The replacements pleased to meet me 320 kbps mp3 vs flac

Replacing MP3: Is A New Format Likely For DJs + Listeners? - DJ TechTools

If I am not listening to FLAC files would it make sense for me to buy the X3, you please and see what you think, but by no means because you only use kbps should chip) I have started to look at the FiiO X3 as a replacement for my US Galaxy S3. Most of my files are kbps mp3's or even lower. They're also not as comfortable as a good sennheiser, for me, I find the . The kbps MP3 being distinguished from the FLAC could be just as significant as the Flac vs Flac graph .. Basically, it's nice having a hard drive copy that is lossless, because .. They can easily pick out MP3 even at kbps. 16 vs 24 bit wav just has to do with the number of discrete amplitude I'd personally save the storage space and go with the mp3 or 16 . Autechre- see on see [] really hear the difference between a 16 and bit WAV/ FLAC file. Although, and it may just be me, I do always notice FEELING the.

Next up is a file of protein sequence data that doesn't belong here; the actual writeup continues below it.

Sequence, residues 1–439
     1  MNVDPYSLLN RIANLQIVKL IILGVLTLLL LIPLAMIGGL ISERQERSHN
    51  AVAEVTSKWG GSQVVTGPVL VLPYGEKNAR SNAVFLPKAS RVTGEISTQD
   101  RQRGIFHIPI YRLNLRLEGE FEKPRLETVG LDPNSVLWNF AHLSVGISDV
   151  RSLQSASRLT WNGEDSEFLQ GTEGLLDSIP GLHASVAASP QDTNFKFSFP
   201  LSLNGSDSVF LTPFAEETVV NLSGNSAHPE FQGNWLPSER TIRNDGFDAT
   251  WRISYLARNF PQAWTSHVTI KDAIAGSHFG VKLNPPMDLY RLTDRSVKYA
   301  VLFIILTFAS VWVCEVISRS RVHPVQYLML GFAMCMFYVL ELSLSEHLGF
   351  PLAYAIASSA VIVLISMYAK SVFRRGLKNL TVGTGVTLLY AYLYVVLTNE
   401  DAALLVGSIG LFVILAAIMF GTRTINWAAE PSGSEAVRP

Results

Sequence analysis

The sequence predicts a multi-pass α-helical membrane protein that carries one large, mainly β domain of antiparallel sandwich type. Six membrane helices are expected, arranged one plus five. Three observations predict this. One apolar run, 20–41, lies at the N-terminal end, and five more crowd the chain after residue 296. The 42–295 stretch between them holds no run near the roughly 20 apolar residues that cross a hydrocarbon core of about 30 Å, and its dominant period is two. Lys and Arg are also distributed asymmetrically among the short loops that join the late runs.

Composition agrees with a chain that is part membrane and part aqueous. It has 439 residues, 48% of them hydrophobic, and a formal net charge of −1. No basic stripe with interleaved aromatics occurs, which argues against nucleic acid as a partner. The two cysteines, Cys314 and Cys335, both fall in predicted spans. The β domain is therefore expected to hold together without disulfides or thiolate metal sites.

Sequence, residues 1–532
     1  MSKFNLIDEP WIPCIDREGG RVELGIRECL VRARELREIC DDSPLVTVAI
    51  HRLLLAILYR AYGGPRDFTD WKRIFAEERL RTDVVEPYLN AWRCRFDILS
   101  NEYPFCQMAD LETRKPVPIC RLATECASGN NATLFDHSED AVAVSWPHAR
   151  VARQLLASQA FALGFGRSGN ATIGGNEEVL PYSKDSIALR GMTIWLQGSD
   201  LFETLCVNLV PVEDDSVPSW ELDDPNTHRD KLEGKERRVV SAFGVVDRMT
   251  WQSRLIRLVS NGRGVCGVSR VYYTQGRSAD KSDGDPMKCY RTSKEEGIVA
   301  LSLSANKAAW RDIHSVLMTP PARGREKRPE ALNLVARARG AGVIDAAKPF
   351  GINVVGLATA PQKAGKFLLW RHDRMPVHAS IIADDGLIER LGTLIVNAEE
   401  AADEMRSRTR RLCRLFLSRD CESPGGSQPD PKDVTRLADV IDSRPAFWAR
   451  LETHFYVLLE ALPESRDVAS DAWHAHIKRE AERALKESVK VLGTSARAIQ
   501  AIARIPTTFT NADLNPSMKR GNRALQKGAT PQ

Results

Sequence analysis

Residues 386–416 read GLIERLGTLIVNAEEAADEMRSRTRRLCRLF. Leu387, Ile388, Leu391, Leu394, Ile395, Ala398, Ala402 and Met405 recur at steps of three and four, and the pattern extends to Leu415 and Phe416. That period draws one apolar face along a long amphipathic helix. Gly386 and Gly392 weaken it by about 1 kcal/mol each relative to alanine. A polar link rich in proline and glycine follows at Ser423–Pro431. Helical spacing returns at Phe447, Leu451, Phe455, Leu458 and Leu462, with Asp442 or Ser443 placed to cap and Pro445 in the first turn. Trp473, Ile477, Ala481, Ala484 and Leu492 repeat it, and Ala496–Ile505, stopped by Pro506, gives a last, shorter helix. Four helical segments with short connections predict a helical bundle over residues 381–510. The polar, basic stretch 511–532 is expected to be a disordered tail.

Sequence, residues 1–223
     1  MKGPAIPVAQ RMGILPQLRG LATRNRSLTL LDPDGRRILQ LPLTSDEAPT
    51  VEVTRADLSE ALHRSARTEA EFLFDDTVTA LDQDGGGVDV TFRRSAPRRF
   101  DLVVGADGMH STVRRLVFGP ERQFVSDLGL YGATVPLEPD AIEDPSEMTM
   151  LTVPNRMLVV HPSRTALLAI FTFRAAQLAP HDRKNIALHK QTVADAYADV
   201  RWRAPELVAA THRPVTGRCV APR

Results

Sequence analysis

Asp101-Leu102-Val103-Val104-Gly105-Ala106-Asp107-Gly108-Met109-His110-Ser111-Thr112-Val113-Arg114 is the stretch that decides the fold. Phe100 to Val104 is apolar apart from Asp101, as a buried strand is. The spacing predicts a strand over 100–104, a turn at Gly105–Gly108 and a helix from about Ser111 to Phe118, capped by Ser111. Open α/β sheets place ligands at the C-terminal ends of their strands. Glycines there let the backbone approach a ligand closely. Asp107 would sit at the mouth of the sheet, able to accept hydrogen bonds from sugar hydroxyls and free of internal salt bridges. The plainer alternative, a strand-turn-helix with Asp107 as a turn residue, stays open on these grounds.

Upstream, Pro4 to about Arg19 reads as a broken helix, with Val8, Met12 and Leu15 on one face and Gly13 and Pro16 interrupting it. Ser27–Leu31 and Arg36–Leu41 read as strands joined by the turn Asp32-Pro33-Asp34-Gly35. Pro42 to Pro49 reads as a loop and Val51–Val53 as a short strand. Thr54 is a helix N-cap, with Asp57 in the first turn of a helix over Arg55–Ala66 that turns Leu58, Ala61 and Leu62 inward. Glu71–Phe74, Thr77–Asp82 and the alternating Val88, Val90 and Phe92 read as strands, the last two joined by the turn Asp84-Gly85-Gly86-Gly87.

MP3 on the other hand has fast decoders available for many hardware platforms: Audio producers would just continue to put out audio in multiple formats, including MP3, which increases the inertia for switching in the first place, or for anyone to implement it. Maybe adding features that offer more options for listening might help a new format dethrone MP3. That might even extend outside of dance music.

There could be an innovation analogous to how FaceApp has changed recently changed how users think about and interact with images of people.

DAP for kbps mp3s? | Headphone Reviews and Discussion -

Small savings in file size can add up to a huge saving of bandwidth. However, scale that up to the billion-plus users that a site like YouTube has, and that can provide a big motivation. Notably though, SoundCloud are still providing their streams as kbps MP3 today: This is especially true for DJs. Even if streaming music in DJ software became more common, there are still big hurdles to overcome. YouTube aside, streaming catalogues are far from comprehensive, especially outside of the realm of popular dance music.